There are a number of reasons a seller won’t allow you to use an escrow service, the first among them being that there just isn’t anything in it for them. A seller is still being asked to let go of their property on someone else’s word, with no money to show for it, with the hope that they’ll be paid later. Escrow services are also popular methods of scamming, with some companies disappearing or becoming impossible to contact once they have your money. There are reputable escrow services out there, but a seller won’t likely take the risk.
When making the decision to use either a lawyer or an escrow service, do your homework on the company before deciding to use them. Be sure they’re reputable.
Traditionally, the best way to purchase a car has been to make the transaction in person. You hand the seller the money and he hands you the keys. No fuss. This may require you to buy a one-way plane ticket and fly to the location where the sale will be made. If you live close enough, you might have someone drive you there. You can make one final inspection of the vehicle, this time in person, and be sure of what you’re getting. The best part is that once money has changed hands and the keys are yours, you can drive your new purchase home!
If you’ve purchased a collector car that is going to be a showpiece, then driving it back may not be the best move. It’s still recommended that you oversee the transaction in person though. In this case, you’ll hire a transportation service who will transport the vehicle to your home. You’ll need to buy a two-way plane ticket in this case, but obtaining peace-of-mind by seeing the car in-person and being there to see it loaded onto a trusted carrier’s car hauler is worth the extra expenditure.
KNOW THE SELLER
No matter how you decide to complete the transaction, it’s advisable that you know something about the seller before proceeding. Some questions you might ask are:
Is the seller a collector or dealer that specializes in collector cars?
Buying from someone that knows something about what they’re selling can increase the certainty that you know what you’ll be getting. A reputable dealer will have had the car inspected before they invested money into it. A knowledgeable collector will likely have taken good care of it and kept up with maintenance requirements. If the seller just found it in a barn they inherited, you’ll know you’ll have to have it inspected to get the facts necessary for an informed purchase.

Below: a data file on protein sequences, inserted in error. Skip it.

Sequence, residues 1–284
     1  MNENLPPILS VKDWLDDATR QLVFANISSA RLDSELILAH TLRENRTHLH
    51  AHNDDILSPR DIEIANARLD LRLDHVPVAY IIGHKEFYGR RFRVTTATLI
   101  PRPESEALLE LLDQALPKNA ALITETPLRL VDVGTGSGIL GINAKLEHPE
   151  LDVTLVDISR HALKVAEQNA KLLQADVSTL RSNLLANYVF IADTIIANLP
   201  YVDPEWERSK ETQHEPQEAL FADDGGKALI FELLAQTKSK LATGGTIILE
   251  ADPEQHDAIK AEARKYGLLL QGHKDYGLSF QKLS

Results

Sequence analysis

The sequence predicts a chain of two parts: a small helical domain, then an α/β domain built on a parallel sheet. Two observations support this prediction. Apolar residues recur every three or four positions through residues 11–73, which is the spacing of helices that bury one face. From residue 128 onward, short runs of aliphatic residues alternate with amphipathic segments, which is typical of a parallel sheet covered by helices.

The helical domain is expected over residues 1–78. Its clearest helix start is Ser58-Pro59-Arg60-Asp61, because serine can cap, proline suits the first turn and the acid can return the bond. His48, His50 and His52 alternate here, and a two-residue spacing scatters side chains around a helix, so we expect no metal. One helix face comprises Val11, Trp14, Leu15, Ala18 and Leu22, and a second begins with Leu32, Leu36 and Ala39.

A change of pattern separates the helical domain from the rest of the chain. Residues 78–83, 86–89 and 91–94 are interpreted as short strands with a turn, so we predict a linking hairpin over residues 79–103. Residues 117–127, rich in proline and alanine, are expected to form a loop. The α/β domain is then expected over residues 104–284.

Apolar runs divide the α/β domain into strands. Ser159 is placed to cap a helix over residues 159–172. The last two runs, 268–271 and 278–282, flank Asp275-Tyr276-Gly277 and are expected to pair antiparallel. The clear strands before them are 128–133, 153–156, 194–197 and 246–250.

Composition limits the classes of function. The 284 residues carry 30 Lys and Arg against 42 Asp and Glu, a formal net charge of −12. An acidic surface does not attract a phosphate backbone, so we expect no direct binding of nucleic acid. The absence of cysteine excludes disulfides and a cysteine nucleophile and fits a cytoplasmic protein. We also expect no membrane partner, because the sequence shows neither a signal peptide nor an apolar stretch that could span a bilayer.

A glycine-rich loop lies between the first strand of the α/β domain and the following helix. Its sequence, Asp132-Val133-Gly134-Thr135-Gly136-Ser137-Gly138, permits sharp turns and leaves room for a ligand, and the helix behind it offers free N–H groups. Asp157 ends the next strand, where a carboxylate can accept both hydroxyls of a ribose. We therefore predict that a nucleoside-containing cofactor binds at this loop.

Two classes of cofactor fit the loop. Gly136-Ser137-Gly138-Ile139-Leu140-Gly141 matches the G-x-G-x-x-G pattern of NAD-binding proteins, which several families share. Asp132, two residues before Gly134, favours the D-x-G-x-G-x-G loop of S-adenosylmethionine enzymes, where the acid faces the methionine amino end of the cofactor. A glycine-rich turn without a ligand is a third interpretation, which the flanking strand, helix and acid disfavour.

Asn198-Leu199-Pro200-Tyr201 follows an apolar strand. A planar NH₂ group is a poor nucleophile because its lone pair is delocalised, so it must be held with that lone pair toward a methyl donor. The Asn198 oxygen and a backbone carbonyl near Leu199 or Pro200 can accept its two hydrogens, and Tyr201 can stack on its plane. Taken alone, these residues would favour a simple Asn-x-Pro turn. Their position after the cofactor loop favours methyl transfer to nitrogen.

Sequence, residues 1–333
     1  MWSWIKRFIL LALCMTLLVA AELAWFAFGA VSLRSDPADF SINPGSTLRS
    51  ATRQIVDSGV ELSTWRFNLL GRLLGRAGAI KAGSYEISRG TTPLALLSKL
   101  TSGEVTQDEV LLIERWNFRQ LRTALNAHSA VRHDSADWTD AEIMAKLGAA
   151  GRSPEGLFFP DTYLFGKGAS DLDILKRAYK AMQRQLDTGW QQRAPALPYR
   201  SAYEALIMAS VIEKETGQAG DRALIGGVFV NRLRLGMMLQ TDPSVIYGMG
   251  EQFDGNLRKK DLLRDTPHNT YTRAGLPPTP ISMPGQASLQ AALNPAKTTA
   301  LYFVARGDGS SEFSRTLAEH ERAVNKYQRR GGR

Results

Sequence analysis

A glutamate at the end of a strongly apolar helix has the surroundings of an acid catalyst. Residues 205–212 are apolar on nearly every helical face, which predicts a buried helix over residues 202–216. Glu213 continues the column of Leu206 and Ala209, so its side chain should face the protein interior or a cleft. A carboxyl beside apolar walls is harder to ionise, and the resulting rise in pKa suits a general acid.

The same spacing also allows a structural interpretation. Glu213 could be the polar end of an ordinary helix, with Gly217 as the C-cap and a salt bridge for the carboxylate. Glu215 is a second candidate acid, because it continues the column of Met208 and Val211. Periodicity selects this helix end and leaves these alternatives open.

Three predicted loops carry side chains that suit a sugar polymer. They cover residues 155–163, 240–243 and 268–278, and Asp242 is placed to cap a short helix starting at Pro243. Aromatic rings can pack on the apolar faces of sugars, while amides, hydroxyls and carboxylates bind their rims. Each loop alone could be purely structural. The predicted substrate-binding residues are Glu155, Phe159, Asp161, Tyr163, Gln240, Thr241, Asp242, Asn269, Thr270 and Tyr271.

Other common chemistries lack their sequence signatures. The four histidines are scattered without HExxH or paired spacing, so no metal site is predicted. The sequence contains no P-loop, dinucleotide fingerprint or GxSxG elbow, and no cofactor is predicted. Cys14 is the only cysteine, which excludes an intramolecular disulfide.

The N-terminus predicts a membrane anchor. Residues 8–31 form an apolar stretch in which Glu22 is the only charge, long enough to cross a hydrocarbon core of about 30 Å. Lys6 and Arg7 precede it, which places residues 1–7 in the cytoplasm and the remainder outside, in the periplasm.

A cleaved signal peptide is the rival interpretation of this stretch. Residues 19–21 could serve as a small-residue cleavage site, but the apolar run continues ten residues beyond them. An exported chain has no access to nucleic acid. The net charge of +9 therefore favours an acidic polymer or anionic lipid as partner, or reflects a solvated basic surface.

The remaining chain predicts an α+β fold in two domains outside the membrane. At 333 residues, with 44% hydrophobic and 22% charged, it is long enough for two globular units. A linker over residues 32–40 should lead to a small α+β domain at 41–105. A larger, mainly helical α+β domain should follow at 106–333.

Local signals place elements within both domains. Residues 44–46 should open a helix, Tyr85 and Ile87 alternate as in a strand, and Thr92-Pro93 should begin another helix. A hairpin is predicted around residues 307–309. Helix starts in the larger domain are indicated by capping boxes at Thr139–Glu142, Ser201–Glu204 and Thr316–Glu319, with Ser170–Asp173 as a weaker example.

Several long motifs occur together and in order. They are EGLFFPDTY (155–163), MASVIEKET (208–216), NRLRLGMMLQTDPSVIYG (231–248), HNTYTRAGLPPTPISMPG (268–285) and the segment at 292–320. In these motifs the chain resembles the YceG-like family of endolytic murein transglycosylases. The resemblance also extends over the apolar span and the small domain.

Where is the seller or dealer located?
Is the car located at an address owned by the seller?
What kind of area is it? (You can use Google Maps with Street View to get a picture of the site the transaction will be taking place)
Not all sellers have the vehicles they’re selling on hand. Consignment dealers list ads on the behalf of the car’s owners, who may have the vehicle in a location different from the one listed in the ad. Get as much information as possible about the addresses of everyone involved. If it seems like you’re jumping through too many hoops, it might be best to walk away. Use of Google Maps to check out the addresses can clue you into a scam if you check out the address and find that an empty field is located where a dealership should be.
What were the impressions the professional inspector had of the seller?
Does the seller have any endorsements from previous buyers?
Having the answers to questions like these can go a long way in easing your mind about the purchase you’re about to make.
Reaching this step in the classic car buying process means you’re very nearly the new owner of a collector car. Don’t let your emotions cloud your judgment, as you’re about to put real money, and probably a lot of it, down on something you may not have seen in person. You’re taking risks in doing so, but if you follow the tips provided above, and do your research, the process can be quite enjoyable, and not nearly as dangerous as it may seem.